Looking For That Special Replacement: With Kenny Omega unable to compete as promoted, ROH brought former TNA star Sonjay Dutt in hopes of making up for the talent loss. While it was a slight blow to miss out on the classic Edwards vs. Omega could’ve been, Dutt and Eddie definitely held their own with a very good contest. Both went full blast from bell to bell with Dutt showing his proficiency at garnering pure hatred from the fans who went from apathetic to enthusiastic when Edwards hit a huge hurricarana. Showing great tenacity and heart, Dutt not only survived Edwards’ impressive assault, but almost one thanks to a splash-shooting star press combo. Sadly for Dutt, he succumbed to a series of maneuvers that ended with the 2K1 Bomb to give Edwards the victory.
What this match might have lacked in psychology, it made up in athleticism and heart (sounds like a lot of ROH matches from 2002 to 2004). They tried hard and gave us a nice little battle that had the fans reacting to most everything they did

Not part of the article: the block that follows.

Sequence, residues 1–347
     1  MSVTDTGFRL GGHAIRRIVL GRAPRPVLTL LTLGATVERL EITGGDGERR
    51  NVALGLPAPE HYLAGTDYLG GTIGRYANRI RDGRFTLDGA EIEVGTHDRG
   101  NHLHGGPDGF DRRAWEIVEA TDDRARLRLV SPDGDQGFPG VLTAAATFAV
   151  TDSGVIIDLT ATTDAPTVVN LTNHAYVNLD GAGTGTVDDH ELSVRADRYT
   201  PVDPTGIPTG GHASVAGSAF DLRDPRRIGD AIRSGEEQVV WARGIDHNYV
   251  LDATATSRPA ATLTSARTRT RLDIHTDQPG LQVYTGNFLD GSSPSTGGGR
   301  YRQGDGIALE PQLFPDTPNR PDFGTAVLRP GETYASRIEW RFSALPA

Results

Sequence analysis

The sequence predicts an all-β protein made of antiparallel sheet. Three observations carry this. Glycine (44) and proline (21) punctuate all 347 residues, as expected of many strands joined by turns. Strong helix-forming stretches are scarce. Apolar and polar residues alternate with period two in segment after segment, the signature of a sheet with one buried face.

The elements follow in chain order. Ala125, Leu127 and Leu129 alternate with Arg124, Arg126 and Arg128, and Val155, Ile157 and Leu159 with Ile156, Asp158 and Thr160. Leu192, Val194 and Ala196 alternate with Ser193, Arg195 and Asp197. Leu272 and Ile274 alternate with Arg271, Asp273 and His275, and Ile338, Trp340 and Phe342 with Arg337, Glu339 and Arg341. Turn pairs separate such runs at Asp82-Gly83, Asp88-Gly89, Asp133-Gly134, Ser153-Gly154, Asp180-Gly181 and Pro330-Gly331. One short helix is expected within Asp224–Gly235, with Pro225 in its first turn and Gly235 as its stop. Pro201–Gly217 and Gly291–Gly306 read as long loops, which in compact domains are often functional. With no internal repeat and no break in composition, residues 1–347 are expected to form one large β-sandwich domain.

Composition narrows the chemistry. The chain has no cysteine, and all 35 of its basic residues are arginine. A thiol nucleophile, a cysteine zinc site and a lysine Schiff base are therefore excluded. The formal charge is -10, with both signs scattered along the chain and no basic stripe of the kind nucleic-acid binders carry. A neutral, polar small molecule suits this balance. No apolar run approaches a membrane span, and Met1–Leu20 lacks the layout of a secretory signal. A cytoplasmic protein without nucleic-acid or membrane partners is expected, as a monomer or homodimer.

ROH Legends Collide: It was announced before the match that this battle between two of ROH’s founding fathers – ROH TV champion Christopher Daniels and Homicide – would face the ROH World champion at the company’s “9th Anniversary Show”. With his hometown crowd behind him and the return of manager Julius Smokes giving him advice, Homicide was able to push Daniels back during the early going. Sadly for “The Notorious 187”, the quickness of Daniels was able to turn the tides in his favor. Daniels kept the pressure on the former ROH World champion, but eventually it turned into a back and forth affair that ended with a referee bump.